Specialization was a factor that becomes evident with the increased trade in West Africa. This is evident in the sense that the Europeans chose to deal in specialized goods. Since they would always offer their products in exchange for ivory and gold among many other goods, it became a recognized system of trade. In the modern world, the European nations still rely on Africa for raw materials (Form, 2012). For instance, cocoa and rubber are still sourced from West Africa while the countries import industrialized products from the European nations.
In essence, the trading structure has not changed, as the only difference is the elimination of slave trade. Islam is still a common religion with many West African nations such as Nigeria, Sudan, Algeria, and Morocco among many others (Bugnacki, 2014). This means that the trade increased the spread of Islam as it also involved people from different parts of the Middle East. The only difference in this structure is the introduction of currency in trade. This has done away with the barter system and introduced the monetary system that has made the trade easier. This means that the Modern World trading system has been greatly influenced by West Africa and Islam. [Click Essay Writer to order your essay]
Therefore, the modern world trade system is a reflection and progress of the historical West African trade system with an effect of Islam. The effects can be viewed from a political, social, environmental, and economic point. The modern world economic structure considers Africa as a source of raw materials while Europe and America provide industrial products. The world is now capitalistic with countries making balances between the imports and exports to run economies. In comparison to the West African empires such as the Mali Empire, the system is almost similar, but the primary difference is the monetary system. Upon the analysis of these different economic systems, it is evident that the West African trade is still active, but the empires are now replaced with countries that do not consider the religion of its citizens. However, in countries like Nigeria, Sudan, Algeria, and Morocco, the Muslim population is still high while affecting the nature of products involved in the trade. In conclusion, religion and trade are widely connected, and that shows why Islam affected the West African trade while still influencing the Modern World trading system.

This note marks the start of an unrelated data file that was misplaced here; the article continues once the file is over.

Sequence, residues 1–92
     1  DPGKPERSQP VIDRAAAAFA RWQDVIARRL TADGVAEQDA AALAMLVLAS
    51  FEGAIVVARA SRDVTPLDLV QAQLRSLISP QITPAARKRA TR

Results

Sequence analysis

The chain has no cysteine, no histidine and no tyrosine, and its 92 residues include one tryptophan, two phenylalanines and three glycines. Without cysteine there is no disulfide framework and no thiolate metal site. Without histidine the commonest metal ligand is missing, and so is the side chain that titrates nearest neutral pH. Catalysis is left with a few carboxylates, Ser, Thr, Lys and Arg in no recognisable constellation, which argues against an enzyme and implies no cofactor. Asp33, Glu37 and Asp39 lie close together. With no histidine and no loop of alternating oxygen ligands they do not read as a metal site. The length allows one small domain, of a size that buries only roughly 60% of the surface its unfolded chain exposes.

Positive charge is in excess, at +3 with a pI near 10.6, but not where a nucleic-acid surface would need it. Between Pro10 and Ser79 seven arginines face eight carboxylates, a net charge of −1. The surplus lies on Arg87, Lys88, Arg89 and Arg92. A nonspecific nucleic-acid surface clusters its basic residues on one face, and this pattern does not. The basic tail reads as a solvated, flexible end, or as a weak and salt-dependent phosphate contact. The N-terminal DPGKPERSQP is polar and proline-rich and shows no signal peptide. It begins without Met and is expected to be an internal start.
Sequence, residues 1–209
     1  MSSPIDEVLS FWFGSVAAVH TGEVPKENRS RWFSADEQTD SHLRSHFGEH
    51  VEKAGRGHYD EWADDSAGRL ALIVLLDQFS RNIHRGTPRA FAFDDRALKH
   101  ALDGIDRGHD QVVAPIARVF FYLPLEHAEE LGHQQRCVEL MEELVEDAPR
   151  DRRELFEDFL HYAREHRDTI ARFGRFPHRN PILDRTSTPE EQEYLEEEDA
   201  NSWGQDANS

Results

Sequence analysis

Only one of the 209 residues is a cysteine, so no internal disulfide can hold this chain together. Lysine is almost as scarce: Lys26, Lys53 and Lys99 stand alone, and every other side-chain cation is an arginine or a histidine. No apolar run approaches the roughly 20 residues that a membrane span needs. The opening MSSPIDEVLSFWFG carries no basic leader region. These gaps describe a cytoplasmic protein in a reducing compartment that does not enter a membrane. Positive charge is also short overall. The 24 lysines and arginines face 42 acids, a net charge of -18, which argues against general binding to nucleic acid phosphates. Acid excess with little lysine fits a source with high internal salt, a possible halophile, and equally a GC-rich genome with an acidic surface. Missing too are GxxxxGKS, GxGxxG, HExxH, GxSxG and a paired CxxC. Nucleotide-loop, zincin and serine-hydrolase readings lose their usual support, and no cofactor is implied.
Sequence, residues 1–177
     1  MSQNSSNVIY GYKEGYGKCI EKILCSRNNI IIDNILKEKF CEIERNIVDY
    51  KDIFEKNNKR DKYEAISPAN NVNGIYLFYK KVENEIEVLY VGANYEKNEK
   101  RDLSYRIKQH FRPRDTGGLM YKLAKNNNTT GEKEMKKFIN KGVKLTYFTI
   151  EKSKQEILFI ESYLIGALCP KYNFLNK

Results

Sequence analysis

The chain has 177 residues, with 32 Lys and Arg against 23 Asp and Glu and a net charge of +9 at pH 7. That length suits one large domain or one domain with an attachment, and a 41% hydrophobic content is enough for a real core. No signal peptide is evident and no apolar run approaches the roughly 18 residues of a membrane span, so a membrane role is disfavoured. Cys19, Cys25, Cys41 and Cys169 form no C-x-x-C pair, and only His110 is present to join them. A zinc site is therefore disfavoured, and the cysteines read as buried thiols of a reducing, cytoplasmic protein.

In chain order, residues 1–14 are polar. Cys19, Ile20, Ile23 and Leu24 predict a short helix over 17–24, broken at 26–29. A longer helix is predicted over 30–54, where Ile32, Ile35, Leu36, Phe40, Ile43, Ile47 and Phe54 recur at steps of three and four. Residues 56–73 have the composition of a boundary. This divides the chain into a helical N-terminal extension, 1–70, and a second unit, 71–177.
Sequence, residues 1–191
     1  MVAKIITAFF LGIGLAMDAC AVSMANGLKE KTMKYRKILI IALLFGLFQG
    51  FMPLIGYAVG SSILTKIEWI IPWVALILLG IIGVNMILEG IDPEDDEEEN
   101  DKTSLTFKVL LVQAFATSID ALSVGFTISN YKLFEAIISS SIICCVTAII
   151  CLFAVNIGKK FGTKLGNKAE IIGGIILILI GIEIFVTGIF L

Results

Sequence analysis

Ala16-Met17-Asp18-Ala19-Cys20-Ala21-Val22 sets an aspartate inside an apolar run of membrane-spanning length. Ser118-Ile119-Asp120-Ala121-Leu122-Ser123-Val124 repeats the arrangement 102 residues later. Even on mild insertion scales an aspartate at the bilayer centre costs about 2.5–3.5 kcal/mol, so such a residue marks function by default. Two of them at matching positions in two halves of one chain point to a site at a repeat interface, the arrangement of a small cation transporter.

Ahmed N. (2016). The Atlantic Slave Trade. History of Islam.
Form, D. (2012). Effects of Islam on West Africa. Prezi.